The C.A.M. Report
Complementary and Alternative Medicine: Fair, Balanced, and to the Point
  • About this web log

    This blog is intended as an objective and dispassionate source of information on the latest CAM research. Since my background is in pharmacy and allopathic medicine, I view all CAM as advancing through the development pipeline to eventually become integrated into mainstream medical practice. Some will succeed while others fail. But all are treated fairly here.

  • About the author

    John Russo, Jr., PharmD, is president of The MedCom Resource, Inc. Previously, he was senior vice president of medical communications at www.Vicus.com, a complementary and alternative medicine website.

  • Common sense considerations

    The material on this weblog is for informational purposes. It is not medical advice or counsel. Be smart, consult your health professional before using CAM.

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  • Recent Comments

    Acupuncture to prevent dry mouth after radiation therapy

    Xerostomia (dry mouth) after head/neck radiation is a common problem among cancer patients, and available treatments are of little benefit.

    Researchers at The University of Texas MD Anderson Cancer Center and Fudan University Shanghai Cancer Center determined whether acupuncture can prevent xerostomia among head/neck patients undergoing radiotherapy.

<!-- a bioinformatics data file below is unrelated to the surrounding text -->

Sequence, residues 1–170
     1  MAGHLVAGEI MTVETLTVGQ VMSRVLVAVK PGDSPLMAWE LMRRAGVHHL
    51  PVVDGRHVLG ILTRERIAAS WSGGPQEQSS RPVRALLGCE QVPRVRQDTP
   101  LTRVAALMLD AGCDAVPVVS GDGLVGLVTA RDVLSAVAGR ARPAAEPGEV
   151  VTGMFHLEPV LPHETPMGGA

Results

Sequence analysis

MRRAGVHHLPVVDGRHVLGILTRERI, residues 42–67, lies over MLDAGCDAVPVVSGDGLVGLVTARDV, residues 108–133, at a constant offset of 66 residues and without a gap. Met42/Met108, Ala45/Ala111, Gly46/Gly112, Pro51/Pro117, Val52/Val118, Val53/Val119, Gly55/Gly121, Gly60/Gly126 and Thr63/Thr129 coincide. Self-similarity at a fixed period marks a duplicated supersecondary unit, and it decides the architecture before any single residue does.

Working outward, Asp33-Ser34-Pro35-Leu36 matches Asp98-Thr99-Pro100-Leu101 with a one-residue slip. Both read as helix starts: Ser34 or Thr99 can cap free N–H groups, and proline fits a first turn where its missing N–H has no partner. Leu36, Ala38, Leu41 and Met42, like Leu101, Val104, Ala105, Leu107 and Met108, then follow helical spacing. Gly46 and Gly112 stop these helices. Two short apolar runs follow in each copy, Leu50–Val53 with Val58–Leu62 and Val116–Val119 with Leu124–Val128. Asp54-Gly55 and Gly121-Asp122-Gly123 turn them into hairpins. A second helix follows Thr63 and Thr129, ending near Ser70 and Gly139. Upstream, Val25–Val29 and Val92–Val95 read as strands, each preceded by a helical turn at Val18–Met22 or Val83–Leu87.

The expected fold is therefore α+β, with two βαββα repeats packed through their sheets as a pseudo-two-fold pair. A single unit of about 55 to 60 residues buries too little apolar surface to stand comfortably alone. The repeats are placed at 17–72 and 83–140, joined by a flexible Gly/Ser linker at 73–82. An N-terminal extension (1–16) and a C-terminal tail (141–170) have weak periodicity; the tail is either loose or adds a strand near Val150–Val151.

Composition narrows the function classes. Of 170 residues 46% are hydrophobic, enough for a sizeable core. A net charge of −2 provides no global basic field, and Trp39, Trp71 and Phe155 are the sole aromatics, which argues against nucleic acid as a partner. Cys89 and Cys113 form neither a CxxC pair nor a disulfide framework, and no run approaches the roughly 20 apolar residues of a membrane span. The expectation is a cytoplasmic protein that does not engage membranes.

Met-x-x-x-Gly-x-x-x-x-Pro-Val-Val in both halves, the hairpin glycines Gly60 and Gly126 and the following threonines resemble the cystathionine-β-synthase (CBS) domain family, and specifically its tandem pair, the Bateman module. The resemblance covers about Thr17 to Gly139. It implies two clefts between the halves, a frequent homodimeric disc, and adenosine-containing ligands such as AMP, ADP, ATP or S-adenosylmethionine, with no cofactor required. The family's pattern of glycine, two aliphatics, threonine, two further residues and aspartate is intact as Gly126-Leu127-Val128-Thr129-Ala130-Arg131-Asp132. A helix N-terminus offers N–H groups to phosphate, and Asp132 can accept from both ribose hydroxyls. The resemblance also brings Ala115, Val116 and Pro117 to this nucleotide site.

First, the details.

    • Patients with nasopharyngeal carcinoma were randomly assigned to a treatment group.
      • Acupuncture 3 times each week on the days they received radiotherapy
      • Standard care
    • The Xerostomia Questionnaire and MD Anderson Symptom Inventory-Head and Neck (MDASI-HN) were used to assess treatment response.
    • Unstimulated and stimulated whole salivary flow rates were recorded.
    • Patients were followed for 6 months after the end of radiotherapy.

    And, the results.

    • Xerostomia Questionnaire and MDASI-HN scores for acupuncture were significantly lower than for standard care starting in week 3 through month 6.
    • There were clinically significant differences at week 11 and at 6 months.
    • Significant differences in unstimulated whole salivary flow rate between groups emerged as early as 3 weeks into treatment.
    • Significantly greater stimulated and unstimulated saliva flow in the acupuncture group was recorded at week 7 and at 11 weeks, and at 6 months for stimulated whole salivary flow rate.

    The bottom line?f

    The authors concluded, “Acupuncture given concurrently with radiotherapy significantly reduced xerostomia and improved quality of life.”

    Other researchers have reported success with acupuncture to reduce xerostomia.

    11/22/11 19:37 JR

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